Freshman Isra Hirsi led an action workshop, White Fragility. The workshop included a presentation on what white fragility and white guilt is, student-created skits, and a group discussion. “This is an issue that I see happen a lot, and it’s not something that’s well-known or noticed… I felt like it’s something that needed to be addressed, and that people needed to notice what was happening,” Hirsi explained.
Junior Solana Cushing enjoyed the White Fragility workshop: “I thought it was really cool. It brought up a lot of stuff I don’t really think about a lot. How [white people] have to be conscious of not just how we interact with people of color, but also other white people… the discussion was interesting and I would have liked to talk more about that,” Cushing said.
Journalism’s Role in Democracy and Social Justice
Southwest High School seniors and newspaper members Eleanor Munshower, Sophie Nall, and Phoenix Pham led a workshop about journalists. The workshop was about the news’ role in democracy, and informing the people about what’s going on in our nation. The workshop touched on how Donald Trump has attacked multiple news sources and journalists since the beginning of his presidency.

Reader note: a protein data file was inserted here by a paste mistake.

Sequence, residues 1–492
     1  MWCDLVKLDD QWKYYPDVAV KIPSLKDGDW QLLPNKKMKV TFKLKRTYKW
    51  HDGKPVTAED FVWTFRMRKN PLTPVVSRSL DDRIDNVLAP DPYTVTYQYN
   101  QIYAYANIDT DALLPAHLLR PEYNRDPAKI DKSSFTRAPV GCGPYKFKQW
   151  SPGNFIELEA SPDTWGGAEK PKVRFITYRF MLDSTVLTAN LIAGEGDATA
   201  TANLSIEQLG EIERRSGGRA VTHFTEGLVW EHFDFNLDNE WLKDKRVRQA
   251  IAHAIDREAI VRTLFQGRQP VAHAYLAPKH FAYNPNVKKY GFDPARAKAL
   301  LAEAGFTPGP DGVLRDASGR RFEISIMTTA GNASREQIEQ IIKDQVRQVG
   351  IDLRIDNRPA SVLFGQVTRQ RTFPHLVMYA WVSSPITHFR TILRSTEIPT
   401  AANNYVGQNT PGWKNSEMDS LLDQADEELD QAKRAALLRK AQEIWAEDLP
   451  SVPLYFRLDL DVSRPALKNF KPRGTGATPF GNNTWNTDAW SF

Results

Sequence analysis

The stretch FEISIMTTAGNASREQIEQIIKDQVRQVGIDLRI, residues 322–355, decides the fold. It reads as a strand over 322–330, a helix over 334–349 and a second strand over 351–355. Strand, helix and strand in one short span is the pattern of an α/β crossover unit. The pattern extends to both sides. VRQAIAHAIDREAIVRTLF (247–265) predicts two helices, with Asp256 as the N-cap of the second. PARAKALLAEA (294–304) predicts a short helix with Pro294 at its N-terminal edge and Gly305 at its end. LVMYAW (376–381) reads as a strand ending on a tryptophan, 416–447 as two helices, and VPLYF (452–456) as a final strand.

Pham hoped that the workshop will help students realize that, “the right to press is a gift and what role it plays in social justice and influencing others.”
“[It’s important to] understand our privilege that our country has one of the freest medias, a lot of countries have restrictions on their media and the fact that free media is literally built into our Constitution and origin is really cool and important,” said Nall.
Hookup Culture: How an Entire Generation Has Messed Each Other Up
Seniors Kat Lochen and Honi Yusuf from Southwest High School led a culture workshop talking about hookup culture, misconceptions about virginity, rape culture, and where the term “f*ckboy” was derived from. The workshop included a presentation about what hookup culture is, types of “f*ckboys” in today’s society, how misogynistic music and rap gives in to the culture, and a discussion about consent.
“There are negative things that come with hookup culture,” Lochen explained, “but it’s not necessarily about hooking up in general. It’s how you act after and consent is super important and it can get really messy.”
Asian Americans: Oppressed or Oppressors?
One of Race to Justice Day’s culture workshops was Asian Americans: Oppressed or Oppressors? by juniors Ben Phi and Marie Stebbings. Stebbings said the name came to be because, “there’s this really false binary that’s created that you’re either oppressed or you’re not oppressed…we wanted to create a title that was thought provoking and would allow people to think critically about how they conceptualize race and racism.”
It seemed many students were excited to attend the workshop: “we filled up the whole room and every single desk,” said Phi. Senior Sylvie Mercil said she was excited to attend the workshop, “because I don’t really see representation of myself anywhere [at South] so it’ll be interesting to see what they have to say.”